Hobart City Hall

From Wikipedia, the free encyclopedia
Jump to navigation Jump to search
Hobart City Hall
CG-Hobart-City-Hall from above Feb2015.jpg
Hobart City Hall
General information
LocationHobart, Tasmania, Australia
Coordinates42°52′51″S 147°19′55″E / 42.88070°S 147.33182°E / -42.88070; 147.33182
OwnerHobart City Council

Hobart City Hall is a public auditorium and concert venue in Hobart, Tasmania, which together with the Derwent Entertainment Centre forms one of the two major public venues in the city. It is also a commonly used emergency center during disasters such as the 2013 Tasmanian bushfires.[1] Despite its name it is not the City of Hobart's seat of government, which is Hobart Town Hall – historically a matter of confusion.[2]


Prior to the erection of the hall, the area where it stands was reserved for city markets. The building was designed by Raymond ("Rusty") N Butler in association with Flack Ricards and Frank Heyward and the building cost £27,000.[3] The City Hall was completed in 1915, with a formal opening in July. It was reported as being capable of seating 5,000 people when it opened.[4][5] In 1940, there were attempts to convert the hall to an indoor ice rink, however it was delayed indefinitely after the City Hall was commandeered by the army in 1940 for six months to use for storage.[6] In 1952 it held what was at the time the largest sports carnival ever held in Tasmania, as part of an appeal by the Olympic Council to raise funds for sending Australian athletes to Helsinki Olympics.[7]


The City Hall has served as a venue for many diverse events, including boxing matches,[8] the 1949 Australian Basketball Championships,[9] silent movie screenings,[2][10] a ball for the Queen and Duke of Edinburgh,[11] speeches from the Duke of Gloucester,[12] and Miss Tasmania and Miss Australia Grand Finals.[13][14] Today it also forms part of the network of locations for the Festival of Voices.[15]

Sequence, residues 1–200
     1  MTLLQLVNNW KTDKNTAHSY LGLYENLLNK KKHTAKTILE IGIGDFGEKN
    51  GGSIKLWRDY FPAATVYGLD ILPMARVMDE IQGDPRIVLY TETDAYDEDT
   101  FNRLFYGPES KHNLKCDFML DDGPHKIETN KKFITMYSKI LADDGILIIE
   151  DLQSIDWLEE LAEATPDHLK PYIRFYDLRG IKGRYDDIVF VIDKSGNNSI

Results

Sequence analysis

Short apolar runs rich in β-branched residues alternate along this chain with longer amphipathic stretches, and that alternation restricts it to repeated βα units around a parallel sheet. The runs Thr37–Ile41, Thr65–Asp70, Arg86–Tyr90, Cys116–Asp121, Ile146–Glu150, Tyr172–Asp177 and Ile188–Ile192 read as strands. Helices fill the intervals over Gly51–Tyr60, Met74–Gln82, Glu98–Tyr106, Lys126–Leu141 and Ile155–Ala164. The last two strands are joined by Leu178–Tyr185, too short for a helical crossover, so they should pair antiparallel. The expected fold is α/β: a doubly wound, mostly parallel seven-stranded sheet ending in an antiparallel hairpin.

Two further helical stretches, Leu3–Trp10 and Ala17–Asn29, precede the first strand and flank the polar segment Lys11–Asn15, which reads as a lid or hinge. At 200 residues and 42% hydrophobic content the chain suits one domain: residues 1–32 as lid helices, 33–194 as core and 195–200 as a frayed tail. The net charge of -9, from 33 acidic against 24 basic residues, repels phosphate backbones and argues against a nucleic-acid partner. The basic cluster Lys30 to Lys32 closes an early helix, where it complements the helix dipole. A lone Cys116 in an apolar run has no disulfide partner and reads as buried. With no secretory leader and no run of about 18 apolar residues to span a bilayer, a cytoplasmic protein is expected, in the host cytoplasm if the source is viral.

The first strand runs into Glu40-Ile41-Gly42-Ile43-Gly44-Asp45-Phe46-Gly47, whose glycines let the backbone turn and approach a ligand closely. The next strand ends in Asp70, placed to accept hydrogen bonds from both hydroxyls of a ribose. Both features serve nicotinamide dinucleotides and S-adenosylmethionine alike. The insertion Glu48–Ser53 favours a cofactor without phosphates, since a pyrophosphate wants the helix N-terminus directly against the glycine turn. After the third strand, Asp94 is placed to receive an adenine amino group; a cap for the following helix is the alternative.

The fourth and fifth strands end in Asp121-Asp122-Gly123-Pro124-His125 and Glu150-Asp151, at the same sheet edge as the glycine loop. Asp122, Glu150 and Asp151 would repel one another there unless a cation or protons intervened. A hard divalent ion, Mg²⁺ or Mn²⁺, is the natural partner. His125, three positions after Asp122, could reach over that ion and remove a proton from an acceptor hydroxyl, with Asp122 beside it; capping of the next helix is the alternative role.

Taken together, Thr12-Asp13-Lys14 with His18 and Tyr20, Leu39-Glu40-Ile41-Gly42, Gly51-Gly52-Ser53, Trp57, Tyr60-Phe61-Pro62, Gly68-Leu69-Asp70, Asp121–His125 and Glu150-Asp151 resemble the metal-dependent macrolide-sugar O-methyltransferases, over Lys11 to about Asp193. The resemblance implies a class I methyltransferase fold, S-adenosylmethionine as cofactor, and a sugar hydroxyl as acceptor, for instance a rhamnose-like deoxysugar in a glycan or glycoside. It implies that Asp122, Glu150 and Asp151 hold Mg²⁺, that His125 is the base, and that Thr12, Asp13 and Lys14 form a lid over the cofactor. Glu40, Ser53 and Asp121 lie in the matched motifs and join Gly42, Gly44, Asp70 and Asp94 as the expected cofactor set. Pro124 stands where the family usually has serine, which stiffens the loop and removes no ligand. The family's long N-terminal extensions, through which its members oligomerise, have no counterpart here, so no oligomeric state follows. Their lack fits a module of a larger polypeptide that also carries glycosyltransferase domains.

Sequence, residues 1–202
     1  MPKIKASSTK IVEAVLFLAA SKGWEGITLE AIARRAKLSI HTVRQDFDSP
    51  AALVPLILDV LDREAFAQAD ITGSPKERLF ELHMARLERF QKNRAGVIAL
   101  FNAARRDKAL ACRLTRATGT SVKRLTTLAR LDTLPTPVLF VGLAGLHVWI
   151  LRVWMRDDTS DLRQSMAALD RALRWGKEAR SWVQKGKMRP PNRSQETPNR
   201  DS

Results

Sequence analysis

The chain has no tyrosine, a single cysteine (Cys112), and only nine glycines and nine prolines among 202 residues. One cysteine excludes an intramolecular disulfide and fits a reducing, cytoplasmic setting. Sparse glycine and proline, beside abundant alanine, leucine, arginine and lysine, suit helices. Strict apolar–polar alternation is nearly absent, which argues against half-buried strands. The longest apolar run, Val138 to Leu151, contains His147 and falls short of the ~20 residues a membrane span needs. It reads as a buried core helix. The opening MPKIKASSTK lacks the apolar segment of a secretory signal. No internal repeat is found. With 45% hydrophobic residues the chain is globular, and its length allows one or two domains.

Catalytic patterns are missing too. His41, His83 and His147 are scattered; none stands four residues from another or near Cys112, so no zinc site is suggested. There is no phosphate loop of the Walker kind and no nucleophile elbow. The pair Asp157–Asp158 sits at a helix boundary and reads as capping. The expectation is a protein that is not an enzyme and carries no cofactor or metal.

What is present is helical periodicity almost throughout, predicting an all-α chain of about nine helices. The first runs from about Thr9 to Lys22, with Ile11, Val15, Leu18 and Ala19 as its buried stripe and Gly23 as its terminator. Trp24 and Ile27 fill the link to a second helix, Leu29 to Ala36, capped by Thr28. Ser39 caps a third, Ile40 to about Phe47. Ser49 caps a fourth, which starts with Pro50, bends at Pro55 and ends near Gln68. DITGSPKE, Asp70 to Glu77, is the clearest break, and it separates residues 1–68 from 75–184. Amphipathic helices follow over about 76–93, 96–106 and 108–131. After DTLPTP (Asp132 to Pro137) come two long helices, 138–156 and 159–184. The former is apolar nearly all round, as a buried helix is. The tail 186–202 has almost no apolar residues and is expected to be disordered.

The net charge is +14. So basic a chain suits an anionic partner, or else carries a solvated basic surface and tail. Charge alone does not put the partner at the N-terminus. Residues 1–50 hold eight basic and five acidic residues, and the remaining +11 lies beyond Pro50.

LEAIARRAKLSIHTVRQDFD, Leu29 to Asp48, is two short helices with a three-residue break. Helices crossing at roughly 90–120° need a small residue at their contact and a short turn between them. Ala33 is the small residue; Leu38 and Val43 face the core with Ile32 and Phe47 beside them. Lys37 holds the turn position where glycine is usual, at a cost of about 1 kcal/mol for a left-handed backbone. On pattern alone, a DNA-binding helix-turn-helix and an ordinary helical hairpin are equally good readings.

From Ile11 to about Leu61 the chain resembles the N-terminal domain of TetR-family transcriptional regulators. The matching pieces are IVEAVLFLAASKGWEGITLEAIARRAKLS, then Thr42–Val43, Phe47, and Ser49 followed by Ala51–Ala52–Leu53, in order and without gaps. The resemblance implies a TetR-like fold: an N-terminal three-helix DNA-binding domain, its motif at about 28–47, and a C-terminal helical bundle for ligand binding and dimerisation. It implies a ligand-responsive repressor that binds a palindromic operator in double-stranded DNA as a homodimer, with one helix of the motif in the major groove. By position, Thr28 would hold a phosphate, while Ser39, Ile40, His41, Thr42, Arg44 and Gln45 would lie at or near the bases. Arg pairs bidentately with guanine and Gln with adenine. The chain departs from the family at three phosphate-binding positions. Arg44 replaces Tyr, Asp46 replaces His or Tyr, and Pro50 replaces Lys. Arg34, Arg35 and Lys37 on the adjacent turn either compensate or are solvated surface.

1. ^ "Tas fires far from over as community offers help". Australian Broadcasting Corporation. 6 January 2013. Retrieved 30 July 2014.
  2. ^ a b "Hobart City Hall as Theatre". The Argus. 31 January 1938. Retrieved 30 July 2014.
  3. ^ "THE NEW CITY HALL". The Mercury. Hobart, Tas. 17 June 1914. p. 7. Retrieved 9 January 2015 – via National Library of Australia.
  4. ^ "Hobart City Hall's Formal Opening". Adelaide Daily Herald. 3 July 1915. Retrieved 30 July 2014.
  5. ^ "Hobart's New City Hall". Prahran Chronicle. 12 February 1915. Retrieved 30 July 2014.
  6. ^ "Hobart City Hall use by Military". The Mercury. December 4, 1940. Retrieved 30 July 2014.
  7. ^ "Indoor Sports At Hobart City Hall". The Examiner. 11 March 1952. Retrieved 30 July 2014.
  8. ^ "VICTORIANS IN LEADING BOUTS TONIGHT". The Mercury. 27 July 1950. Retrieved 30 July 2014.
  9. ^ "Preparing For championships". The Mercury. July 27, 1949. Retrieved 30 July 2014.
  10. ^ "Hobart City Hall". Huon Times. June 29, 1933. Retrieved 30 July 2014.
  11. ^ "MAGNIFICENT FAREWELL BY GREAT CROWD". The Mercury. February 23, 1954. Retrieved 30 July 2014.
  12. ^ "DUKE'S FAREWELL VISIT". the Advocate. 13 December 1946. Retrieved 30 July 2014.
  13. ^ "Miss WA is new Miss Australia". The Canberra Times. 7 November 1970. Retrieved 30 July 2014.
  14. ^ "State Contest Finale". The Mercury. 22 November 1945. Retrieved 30 July 2014.
  15. ^ "New York accent to Voicebox cabaret club for Festival of Voices". The Mercury. April 28, 2014. Retrieved 30 July 2014.